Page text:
It is increasingly common to see contractors and/or salespersons (at times unlicensed!) to go door-to-door attempting to sell homeowners on home improvements such as solar panels, roofing, painting, and/or landscaping, etc. This is called “canvassing” and has recently been a hot topic in recent government and court actions.
Many “canvassers” attempt to sell homeowners on PACE agreements, where a lien is placed on the property for repayment of the home improvements through your property taxes. PACE stands for Property Assessed Clean Energy and many times homeowners are surprised to find substantial increases in their property taxes following misrepresentations made by the canvasser and at times even forged signatures on alleged agreements. In addition, it is common to see PACE arrangements where a small job results in a large payment over time. Non-PACE agreements also exist but often come about under similar circumstances.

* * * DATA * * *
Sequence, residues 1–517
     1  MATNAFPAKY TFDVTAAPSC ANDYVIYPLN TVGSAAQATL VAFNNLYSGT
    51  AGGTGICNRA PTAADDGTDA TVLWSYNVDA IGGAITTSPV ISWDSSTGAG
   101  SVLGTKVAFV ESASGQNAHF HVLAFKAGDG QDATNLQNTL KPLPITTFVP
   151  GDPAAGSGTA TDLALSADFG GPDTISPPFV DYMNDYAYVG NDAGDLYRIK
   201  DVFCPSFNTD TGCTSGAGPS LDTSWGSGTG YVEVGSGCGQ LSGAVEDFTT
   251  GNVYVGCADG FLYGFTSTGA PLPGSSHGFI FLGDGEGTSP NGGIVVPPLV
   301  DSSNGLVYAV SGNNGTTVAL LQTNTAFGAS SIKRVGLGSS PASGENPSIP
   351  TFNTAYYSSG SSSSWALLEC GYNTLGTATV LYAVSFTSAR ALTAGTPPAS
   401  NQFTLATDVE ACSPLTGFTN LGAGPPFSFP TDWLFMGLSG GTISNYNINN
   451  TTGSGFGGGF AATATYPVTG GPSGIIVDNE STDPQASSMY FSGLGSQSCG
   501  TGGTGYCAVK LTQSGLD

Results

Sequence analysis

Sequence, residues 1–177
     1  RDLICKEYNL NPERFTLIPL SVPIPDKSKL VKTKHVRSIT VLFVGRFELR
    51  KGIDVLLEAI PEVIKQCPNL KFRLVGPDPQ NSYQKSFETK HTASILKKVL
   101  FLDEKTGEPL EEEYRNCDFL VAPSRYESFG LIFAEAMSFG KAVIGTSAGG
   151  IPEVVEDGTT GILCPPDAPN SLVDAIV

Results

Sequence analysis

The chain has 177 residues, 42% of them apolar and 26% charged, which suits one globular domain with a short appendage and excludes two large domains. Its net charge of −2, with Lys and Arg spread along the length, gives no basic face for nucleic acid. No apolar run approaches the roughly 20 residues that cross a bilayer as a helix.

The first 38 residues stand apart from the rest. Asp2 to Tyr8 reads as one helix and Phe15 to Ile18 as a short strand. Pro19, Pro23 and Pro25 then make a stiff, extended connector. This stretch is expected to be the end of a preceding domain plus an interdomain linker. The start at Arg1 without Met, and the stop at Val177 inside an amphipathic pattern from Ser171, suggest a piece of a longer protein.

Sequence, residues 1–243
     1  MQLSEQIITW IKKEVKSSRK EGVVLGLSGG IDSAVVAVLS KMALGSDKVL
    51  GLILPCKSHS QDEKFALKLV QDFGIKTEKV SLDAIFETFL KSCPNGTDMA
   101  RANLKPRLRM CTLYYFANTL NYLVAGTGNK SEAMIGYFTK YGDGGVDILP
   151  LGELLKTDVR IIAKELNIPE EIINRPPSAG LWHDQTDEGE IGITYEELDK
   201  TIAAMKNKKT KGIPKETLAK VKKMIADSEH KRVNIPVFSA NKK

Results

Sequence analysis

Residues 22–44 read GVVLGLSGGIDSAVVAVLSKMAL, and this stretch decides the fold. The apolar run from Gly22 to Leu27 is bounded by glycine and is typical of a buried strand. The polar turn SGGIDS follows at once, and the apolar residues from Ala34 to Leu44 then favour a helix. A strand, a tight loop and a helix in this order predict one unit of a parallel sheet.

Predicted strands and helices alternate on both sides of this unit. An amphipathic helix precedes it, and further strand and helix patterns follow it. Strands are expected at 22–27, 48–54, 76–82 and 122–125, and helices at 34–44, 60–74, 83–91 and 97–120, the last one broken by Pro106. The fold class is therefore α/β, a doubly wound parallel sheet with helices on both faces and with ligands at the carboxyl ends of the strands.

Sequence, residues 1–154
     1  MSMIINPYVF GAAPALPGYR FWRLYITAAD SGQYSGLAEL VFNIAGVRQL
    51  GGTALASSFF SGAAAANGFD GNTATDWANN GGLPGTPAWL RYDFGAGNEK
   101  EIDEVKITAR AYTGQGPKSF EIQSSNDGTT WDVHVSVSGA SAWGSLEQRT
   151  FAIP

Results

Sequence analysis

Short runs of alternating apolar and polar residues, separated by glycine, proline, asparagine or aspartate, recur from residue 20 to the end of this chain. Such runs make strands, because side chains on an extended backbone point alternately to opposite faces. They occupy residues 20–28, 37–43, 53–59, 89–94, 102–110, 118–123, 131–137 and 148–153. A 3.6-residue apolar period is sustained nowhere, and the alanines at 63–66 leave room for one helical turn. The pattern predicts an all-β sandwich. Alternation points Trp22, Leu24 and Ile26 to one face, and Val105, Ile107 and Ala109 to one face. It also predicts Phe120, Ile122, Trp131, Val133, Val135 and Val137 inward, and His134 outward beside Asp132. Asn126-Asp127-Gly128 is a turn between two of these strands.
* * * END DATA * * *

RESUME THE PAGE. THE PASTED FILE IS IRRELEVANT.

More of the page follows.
As a result, future PACE “loans” have been discontinued in Los Angeles County due to rampant allegations of fraudulent conduct. “Homeowners repeatedly alleged the private home improvement contractors who signed them up for PACE misrepresented how the financing would work, saddling them with loans they could not understand or afford.”1 Other counties are yet to follow suit.
Below are some common issues we’ve seen in the number of lawsuits we’ve filed against home improvement contractors and finance companies.
Language and Translation Issues: The California legislature passed the Home Solicitation Sales Act (“HSSA”), Civil Code § 1689 et seq. to protect consumers, providing that the seller must provide a contract in the language in which the contract was negotiated in. A copy of the agreement must also be provided to the consumer at the time the transaction is entered.
Homeowners may also seek to rescind, or cancel, a contract for the failure to receive a copy of the contract in the language it was negotiated under Civil Code § 1632.